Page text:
THE LIVING WORLD – Class XI Biology by TEACHING CARE online tuition and coaching classes

THE LIVING WORLD – Class XI Biology by TEACHING CARE online tuition and coaching classes


What is living?

The organisms that show growth, reproduction, ability to sense environment, mount a suitable response metabolism, ability to self-replicate, self-organise, interact and emergence come to living organisms.


Diversity in living organism

Living organisms shows great variation on the basis of mode of nutrition, mode of reproduction, habitats and morphological structure. Both plants and animals have a large number of species distributed at different parts of earth. The number of species that are known and described range between 1.7-1.8 million. This refers to biodiversity or the number and types of organisms present on earth.

We know the plants and animals in our own area by their local names. These local names would vary from place to place, even within a country. So there is need to standardise the species by identifying and naming them.

Nomenclature: The naming of the organism of the organisms such that a particular organism is known by same name throughout world is called nomenclature.

Identification: Correct description of any living organisms that make possible the naming of the organisms.

          Binomial nomenclature

The scientific or technical names were developed by Linnaeus (Philosophica Botanica, 1751). The technical names recognized internationally are the ones given by Linnaeus in the 10th edition of his book Systema Naturae published in 1758. The system developed by Linnaeus is known as Binomial Nomenclature. Binomial nomenclature is the system of

Rules for nomenclature:

The five codes of nomenclature are: International Code of Botanical Nomenclature (ICBN) and International Code of Zoological Nomenclature (ICZN). The names of bacteria and viruses are decided by International Code for Nomenclature of Bacteria (ICNB) and International Code of Viral Nomenclature (ICVN). Similarly, there is a separate International code of Nomenclature for Cultivated Plants (ICNCP). The important rules are :

  • A scientific naming using ‘generic name’ as the first part and ‘specific epithet’ as the second part, e.g., Mangifera indica (mango), Apis mellifera (honey bee), etc.
  • The generic name starts with capital letters and the specific epithet starts with small letters.
  • The biological name always written in Italic form e.g., Mangifera indica, Tamarindus indica.

(iv)     The biological or scientific name is always printed in italics whereas it is underlined while handwritten. This is done to make the scientific name distinct from the text.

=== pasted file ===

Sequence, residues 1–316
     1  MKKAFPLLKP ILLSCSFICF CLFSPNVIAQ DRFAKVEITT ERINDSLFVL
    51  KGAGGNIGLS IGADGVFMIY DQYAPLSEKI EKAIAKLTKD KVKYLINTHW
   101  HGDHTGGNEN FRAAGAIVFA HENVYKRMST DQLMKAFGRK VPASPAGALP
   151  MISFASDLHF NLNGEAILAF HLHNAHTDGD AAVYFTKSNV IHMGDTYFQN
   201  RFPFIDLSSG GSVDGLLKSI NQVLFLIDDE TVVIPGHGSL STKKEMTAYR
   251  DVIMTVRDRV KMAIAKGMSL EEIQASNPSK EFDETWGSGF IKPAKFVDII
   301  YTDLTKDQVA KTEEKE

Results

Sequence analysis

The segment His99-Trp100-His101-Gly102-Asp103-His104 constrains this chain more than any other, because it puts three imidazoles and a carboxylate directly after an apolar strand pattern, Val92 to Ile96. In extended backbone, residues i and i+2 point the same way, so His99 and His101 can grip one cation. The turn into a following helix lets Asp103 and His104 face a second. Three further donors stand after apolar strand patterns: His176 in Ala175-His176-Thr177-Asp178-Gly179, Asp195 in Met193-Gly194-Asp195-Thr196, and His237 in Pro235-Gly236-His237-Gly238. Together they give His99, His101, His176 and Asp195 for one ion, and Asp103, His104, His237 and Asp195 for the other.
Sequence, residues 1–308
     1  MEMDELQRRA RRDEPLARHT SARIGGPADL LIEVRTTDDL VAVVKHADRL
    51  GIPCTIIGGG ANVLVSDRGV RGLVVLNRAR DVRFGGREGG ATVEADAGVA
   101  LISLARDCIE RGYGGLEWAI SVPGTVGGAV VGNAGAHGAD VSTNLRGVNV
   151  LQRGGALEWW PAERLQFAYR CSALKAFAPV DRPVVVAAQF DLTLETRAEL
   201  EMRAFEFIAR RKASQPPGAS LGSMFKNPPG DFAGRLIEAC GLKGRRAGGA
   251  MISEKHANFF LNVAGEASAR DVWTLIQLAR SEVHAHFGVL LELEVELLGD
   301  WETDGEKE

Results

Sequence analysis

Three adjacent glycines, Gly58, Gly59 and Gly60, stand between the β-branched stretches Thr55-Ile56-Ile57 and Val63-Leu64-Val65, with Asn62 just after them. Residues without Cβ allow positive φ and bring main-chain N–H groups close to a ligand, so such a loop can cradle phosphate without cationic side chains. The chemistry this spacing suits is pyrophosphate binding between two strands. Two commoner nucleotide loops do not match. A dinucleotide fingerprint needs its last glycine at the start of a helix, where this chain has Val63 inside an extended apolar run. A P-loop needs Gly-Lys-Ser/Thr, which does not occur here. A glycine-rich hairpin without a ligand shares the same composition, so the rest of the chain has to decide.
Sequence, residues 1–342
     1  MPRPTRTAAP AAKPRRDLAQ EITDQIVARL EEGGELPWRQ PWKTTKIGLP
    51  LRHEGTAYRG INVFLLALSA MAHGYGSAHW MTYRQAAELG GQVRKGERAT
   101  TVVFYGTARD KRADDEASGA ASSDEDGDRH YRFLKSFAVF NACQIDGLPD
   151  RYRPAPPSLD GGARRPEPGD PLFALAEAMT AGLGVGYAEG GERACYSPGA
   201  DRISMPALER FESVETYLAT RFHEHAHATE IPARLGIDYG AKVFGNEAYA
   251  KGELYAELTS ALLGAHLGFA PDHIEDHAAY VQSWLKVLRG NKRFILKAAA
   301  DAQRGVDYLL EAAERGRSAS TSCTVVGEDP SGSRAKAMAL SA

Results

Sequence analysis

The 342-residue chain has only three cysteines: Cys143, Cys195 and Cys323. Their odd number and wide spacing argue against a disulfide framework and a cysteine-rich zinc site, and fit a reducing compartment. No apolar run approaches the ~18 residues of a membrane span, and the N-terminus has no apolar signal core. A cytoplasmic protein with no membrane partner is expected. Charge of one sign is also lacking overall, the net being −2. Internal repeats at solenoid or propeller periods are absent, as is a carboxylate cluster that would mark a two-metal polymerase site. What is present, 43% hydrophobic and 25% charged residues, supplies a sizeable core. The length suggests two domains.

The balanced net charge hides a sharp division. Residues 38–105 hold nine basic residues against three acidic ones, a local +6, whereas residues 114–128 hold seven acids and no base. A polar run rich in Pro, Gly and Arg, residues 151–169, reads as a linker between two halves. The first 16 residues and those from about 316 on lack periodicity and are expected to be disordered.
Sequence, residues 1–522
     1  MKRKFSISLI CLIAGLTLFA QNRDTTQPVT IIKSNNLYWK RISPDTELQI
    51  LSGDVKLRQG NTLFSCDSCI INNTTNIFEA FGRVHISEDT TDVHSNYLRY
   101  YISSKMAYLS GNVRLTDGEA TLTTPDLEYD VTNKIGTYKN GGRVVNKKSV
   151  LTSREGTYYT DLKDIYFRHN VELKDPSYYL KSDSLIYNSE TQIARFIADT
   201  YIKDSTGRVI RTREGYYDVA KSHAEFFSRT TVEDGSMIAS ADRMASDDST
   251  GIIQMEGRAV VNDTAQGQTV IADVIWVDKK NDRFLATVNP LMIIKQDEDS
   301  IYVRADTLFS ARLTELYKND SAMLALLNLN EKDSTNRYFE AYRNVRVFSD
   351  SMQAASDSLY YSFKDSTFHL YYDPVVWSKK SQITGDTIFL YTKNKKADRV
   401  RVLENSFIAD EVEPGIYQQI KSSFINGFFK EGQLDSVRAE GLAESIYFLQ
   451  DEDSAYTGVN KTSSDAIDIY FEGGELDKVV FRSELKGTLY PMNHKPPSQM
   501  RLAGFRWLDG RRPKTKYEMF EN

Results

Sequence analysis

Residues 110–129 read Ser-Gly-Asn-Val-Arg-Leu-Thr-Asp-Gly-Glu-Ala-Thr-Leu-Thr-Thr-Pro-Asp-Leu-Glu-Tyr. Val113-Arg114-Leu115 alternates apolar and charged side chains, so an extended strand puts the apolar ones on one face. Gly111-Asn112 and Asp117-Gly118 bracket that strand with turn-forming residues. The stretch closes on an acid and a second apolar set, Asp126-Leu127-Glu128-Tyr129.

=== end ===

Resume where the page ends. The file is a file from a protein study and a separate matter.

Classification: Grouping or categorizing organisms on the basis of their similarities and dissimilarities for the convenience of study is called as classification.

Classification is not a single step process but involves hierarchy of steps in which each step represents a rank or category. Since the category is a part of overall taxonomic arrangement, it is called the taxonomic category and all categories together constitute the taxonomic hierarchy.  Each category, referred to as a unit of classification, in fact, represents a rank and is commonly termed as taxon (pl.: taxa).

          Taxonomy (A. P. de Candolle): The study which includes identification, nomenclature and classification.

According to some scientists taxonomy and systematic are synonymous terms but according to others, systematic is a wider term.

          Systematics: It includes taxonomy and phylogeny. Thus systematic can be defined as study of diversity of organisms and evolutionary relationship among them.

Taxonomical Hierarchy

          Species : Group of individuals with fundamental similarities and can interbreed.Species occupies a key position in classification

          Genus : It comprises a group of related species which has more characters in common in comparison to species of other genera. We can say that genera are aggregates of closely related species. e.g, potato and brinjal are two different species but both belong to the genus Solanum.


          Family: Family is represented by a group of related genera. All the genera of a family resemble one another in certain correlated characters indicating a common ancestry.

For example, three different genera Solanum, Petunia and Datura are placed in the family Solanaceae. In plants the family ends in the suffix – aceae subfamily in – oidae.